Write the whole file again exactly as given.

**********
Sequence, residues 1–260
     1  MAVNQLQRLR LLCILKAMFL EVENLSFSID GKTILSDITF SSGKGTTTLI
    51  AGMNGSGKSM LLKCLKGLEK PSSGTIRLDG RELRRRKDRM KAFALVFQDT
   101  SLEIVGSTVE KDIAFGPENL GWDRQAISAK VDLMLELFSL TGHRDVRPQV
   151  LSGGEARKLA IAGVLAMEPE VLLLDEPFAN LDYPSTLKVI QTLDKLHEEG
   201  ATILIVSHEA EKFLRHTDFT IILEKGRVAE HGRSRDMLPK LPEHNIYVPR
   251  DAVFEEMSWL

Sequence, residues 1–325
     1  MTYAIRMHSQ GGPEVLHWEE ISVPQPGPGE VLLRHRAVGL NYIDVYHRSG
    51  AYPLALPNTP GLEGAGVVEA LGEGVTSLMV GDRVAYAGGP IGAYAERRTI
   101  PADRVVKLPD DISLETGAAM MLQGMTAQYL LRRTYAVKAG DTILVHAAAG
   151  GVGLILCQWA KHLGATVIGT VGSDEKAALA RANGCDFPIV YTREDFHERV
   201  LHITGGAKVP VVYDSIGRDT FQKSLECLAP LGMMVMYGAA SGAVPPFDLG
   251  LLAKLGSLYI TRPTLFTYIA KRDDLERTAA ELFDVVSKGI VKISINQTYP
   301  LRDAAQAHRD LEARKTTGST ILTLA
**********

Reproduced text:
Sequence, residues 1–260
     1  MAVNQLQRLR LLCILKAMFL EVENLSFSID GKTILSDITF SSGKGTTTLI
    51  AGMNGSGKSM LLKCLKGLEK PSSGTIRLDG RELRRRKDRM KAFALVFQDT
   101  SLEIVGSTVE KDIAFGPENL GWDRQAISAK VDLMLELFSL TGHRDVRPQV
   151  LSGGEARKLA IAGVLAMEPE VLLLDEPFAN LDYPSTLKVI QTLDKLHEEG
   201  ATILIVSHEA EKFLRHTDFT IILEKGRVAE HGRSRDMLPK LPEHNIYVPR
   251  DAVFEEMSWL

Sequence, residues 1–325
     1  MTYAIRMHSQ GGPEVLHWEE ISVPQPGPGE VLLRHRAVGL NYIDVYHRSG
    51  AYPLALPNTP GLEGAGVVEA LGEGVTSLMV GDRVAYAGGP IGAYAERRTI
   101  PADRVVKLPD DISLETGAAM MLQGMTAQYL LRRTYAVKAG DTILVHAAAG
   151  GVGLILCQWA KHLGATVIGT VGSDEKAALA RANGCDFPIV YTREDFHERV
   201  LHITGGAKVP VVYDSIGRDT FQKSLECLAP LGMMVMYGAA SGAVPPFDLG
   251  LLAKLGSLYI TRPTLFTYIA KRDDLERTAA ELFDVVSKGI VKISINQTYP
   301  LRDAAQAHRD LEARKTTGST ILTLA